Supermarket giant Coles has committed to reducing its carbon emissions by more than 75% by 2030 and is aiming to do so without carbon offsets.
Coles recently launched its refreshed sustainability strategy, which includes its climate change pillar, named Together to Zero. As part of the climate pillar, Coles commits to deliver net zero greenhouse gas emissions by 2050 and cut combined Scope 1 and 2 greenhouse gas emissions by more than 75% by the end of the 2030 financial year, based on a 2020 baseline.
To accomplish that, Coles Group will be powered by 100% renewable electricity by the end of the 2025 financial year, building on the progress already made towards this target through renewable power purchase agreements, onsite solar and agreements with renewable electricity generators.
Coles integrates the impacts of climate change on its business strategy in its annual reports, including disclosing to the Task Force on Climate-related Financial Disclosures (TCFD) voluntary standards.
"In our annual reports and TCFD report and in our sustainability strategy, we're acknowledging the impact of climate change and the fact that we are conscious of the risks and opportunities to our business, and we will manage that going forward," said Kirsty Davis, general manager of sustainability and property services.
Part of that strategy is the most recently announced with deal with the operators of the Lal Lal Wind Farms near Ballarat, Victoria, for the purchase of large-scale generation certificates for renewable electricity until the end of 2030.
Under the agreement, Coles Group will purchase enough large-scale generation certificates from Lal Lal Wind Farms to further increase Coles' renewable electricity to 45% of total consumption by FY23. Lal Lal Wind Farms has been exporting renewable electricity at full capacity to the Victorian grid since December 2020.
"Our energy usage and scope 2 emission are significant contributors to our emissions and what we have to work on in order to achieve the emissions reductions targets," Davis said. "We haven't adopted a strategy of carbon offsets. We're aiming for absolute emissions reductions."
Security of energy supply has been a key risk to manage for Coles, and moving to renewables extends the energy procurement practice in "a slightly different way," Davis said.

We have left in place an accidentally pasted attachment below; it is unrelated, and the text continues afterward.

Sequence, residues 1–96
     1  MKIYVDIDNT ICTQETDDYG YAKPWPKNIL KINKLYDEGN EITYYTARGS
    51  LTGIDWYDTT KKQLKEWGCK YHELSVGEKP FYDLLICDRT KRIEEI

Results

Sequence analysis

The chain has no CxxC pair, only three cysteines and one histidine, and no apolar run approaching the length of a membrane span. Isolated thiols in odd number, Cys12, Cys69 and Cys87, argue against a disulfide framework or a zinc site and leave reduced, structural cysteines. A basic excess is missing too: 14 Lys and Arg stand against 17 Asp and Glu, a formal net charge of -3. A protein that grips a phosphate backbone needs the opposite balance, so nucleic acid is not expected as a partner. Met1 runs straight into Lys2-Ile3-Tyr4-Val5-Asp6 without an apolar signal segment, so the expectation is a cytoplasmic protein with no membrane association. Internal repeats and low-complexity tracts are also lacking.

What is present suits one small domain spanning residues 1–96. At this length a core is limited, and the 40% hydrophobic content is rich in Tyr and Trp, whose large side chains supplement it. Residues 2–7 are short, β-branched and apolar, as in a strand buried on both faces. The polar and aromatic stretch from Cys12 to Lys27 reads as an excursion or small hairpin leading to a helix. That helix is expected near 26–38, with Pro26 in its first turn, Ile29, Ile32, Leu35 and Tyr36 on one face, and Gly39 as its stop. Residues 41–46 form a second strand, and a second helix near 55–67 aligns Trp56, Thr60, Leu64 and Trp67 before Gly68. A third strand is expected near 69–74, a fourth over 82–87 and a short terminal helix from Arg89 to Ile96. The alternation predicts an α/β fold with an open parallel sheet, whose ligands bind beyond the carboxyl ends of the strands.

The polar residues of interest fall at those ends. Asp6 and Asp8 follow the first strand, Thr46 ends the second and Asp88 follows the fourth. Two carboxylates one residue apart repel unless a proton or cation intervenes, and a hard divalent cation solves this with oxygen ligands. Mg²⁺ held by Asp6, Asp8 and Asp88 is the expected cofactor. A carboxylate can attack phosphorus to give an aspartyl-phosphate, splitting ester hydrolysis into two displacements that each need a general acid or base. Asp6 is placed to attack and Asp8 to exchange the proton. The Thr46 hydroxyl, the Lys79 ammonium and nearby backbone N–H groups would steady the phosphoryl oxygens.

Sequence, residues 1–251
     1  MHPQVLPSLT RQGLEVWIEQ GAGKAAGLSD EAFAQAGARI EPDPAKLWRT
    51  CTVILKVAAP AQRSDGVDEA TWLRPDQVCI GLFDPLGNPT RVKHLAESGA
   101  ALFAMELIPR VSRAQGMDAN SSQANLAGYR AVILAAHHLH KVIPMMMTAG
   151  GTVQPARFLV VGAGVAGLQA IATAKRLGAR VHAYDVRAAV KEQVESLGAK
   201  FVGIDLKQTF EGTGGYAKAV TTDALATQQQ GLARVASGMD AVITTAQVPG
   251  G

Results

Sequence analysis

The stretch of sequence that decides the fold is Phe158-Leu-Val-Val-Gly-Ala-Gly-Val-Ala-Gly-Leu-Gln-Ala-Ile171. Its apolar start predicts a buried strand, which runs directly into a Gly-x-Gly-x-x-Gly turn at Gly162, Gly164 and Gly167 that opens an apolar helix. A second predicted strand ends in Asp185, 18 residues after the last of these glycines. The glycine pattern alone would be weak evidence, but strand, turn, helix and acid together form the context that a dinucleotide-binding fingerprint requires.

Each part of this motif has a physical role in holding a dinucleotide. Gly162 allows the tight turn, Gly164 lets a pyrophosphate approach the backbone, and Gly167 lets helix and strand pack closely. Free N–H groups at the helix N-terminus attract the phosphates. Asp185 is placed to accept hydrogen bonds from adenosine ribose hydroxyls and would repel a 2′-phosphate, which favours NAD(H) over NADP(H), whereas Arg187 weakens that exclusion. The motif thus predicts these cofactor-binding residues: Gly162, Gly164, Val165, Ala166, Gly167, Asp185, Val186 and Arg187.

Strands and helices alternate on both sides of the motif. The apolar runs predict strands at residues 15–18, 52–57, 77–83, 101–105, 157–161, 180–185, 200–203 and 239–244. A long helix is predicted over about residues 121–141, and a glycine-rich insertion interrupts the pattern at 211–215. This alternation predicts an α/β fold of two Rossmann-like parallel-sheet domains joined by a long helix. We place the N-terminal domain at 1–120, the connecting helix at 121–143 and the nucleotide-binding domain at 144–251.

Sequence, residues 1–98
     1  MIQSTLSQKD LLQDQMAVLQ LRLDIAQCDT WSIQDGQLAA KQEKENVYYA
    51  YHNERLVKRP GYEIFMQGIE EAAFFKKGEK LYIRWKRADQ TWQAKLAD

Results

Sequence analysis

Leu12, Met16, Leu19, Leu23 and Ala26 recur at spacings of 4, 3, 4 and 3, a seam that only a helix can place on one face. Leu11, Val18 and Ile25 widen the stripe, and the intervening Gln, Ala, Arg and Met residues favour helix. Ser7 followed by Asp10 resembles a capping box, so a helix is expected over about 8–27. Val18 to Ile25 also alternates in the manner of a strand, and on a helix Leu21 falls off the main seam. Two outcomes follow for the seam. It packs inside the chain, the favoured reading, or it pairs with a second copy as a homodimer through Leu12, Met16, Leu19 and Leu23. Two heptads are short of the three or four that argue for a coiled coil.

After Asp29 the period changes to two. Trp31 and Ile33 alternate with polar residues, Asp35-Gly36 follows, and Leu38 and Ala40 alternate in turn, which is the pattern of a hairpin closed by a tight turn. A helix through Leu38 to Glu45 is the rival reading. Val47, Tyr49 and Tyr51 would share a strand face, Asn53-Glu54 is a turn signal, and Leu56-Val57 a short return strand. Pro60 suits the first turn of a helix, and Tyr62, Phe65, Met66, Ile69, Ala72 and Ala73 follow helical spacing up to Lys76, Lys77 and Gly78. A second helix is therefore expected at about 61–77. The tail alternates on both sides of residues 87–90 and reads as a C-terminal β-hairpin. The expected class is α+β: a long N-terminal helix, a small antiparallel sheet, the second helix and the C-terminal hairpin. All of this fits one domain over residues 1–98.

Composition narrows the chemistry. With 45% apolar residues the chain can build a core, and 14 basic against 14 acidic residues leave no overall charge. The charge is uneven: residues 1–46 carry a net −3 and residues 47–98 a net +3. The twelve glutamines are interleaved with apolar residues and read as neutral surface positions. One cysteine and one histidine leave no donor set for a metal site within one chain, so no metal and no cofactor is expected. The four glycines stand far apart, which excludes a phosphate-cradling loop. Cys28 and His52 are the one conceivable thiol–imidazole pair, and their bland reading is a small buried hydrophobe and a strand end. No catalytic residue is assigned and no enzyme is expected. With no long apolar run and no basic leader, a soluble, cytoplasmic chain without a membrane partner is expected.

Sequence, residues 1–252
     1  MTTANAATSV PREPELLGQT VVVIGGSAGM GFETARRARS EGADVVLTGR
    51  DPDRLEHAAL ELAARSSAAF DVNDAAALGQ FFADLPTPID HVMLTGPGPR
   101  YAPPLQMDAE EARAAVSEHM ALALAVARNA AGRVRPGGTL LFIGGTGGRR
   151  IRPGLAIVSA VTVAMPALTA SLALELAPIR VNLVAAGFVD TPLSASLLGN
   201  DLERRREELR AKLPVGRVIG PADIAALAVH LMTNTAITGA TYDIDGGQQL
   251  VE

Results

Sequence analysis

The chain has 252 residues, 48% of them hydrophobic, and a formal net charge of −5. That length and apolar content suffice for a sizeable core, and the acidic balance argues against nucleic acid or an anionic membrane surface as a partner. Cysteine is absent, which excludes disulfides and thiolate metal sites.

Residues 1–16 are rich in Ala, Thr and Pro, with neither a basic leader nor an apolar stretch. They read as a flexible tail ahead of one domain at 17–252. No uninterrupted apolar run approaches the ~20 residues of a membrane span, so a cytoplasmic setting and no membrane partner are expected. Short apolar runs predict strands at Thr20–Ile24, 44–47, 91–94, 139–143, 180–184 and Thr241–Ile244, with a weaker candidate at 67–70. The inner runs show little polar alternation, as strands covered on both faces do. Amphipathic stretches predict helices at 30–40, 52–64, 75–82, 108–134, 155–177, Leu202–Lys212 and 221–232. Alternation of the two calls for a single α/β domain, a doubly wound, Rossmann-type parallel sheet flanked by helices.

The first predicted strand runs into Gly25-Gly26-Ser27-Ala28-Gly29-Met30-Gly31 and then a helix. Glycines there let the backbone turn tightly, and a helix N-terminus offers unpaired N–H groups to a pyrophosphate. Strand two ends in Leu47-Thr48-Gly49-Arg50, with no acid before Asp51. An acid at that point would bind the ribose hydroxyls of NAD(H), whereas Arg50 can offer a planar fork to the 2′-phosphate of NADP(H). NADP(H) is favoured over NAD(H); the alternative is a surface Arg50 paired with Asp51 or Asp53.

The 10-year agreement between Coles and CleanCo https://www.fssustainability.com.au/coles-signs-queensland-renewable-energy-deal?q=coles commences July 2022 and will see Coles purchase 400 GWh of electricity annually through the agreement. The Western Downs Green Power Hub, set to be Australia's largest solar farm once built, and the MacIntyre Wind Farm, one of the largest wind farms to be built in the southern hemisphere, will supply three quarters of the Coles' electricity requirements, with the remainder supported by CleanCo's low emissions portfolio.
The purchasing agreement will result in Coles reducing its electricity carbon dioxide emissions nationally by an estimated 20% or 240,000 tonnes annually. Coles and CleanCo also note that it will secure the development of both projects, which together with CleanCo's Karara wind farm, will create 800 local jobs in Queensland's Western and Southern Downs.
In 2019, Coles became the first major Australian retailer to commit to buying renewable energy through a 10-year Power Purchase Agreement with global renewable power generation company Metka EGN, purchasing more than 70% of the electricity generated by three solar power plants in regional NSW.
The waste commitments will also start to bring Coles towards the goal of circular economy.
"We're working through that quite a lot," Davis noted. "We divert a lot of our waste away from landfill, but we will be moving that into a truly circular loop, which impacts on the recycling space."
Soft plastics will be a key challenge in this regard.
Coles oversees its management of climate change through the Sustainability Steering Committee, a management committee, which is responsible for monitoring Group-wide identification and response to sustainability risks, including climate change.
The climate change agenda and program are coordinated by a Climate Change Subcommittee which oversees Coles' climate change approach and reports to the Sustainability Steering Committee and its chair.
The Sustainability Steering Committee's commitments as part of the refreshed policy were thought out in advance, and there will be regular reporting on progress towards the goals, Davis said.
"What we've done is before we make these announcements, we do quite a bit to make sure we have comfort around the achievability, because if we're going to make these commitments, we have to make sure we have a way to do it," she said. "From a governance perspective, we will have almost quarterly reporting to the steering committee to see how it's going and if there are any alternate solutions we should be considering."
Coles joins competitor Woolworths Group, which pledged last year to power its entire operations with renewable electricity by 2025. Woolworths joined the RE100 initiative and announced it would build on its network of rooftop solar panels installed in more than 150 national locations by signing power purchase agreement with wind and solar energy providers.
The transition to 100% renewable energy is a "practical step" to meeting its goal of being net positive carbon emissions by at least 2050, Woolworths said.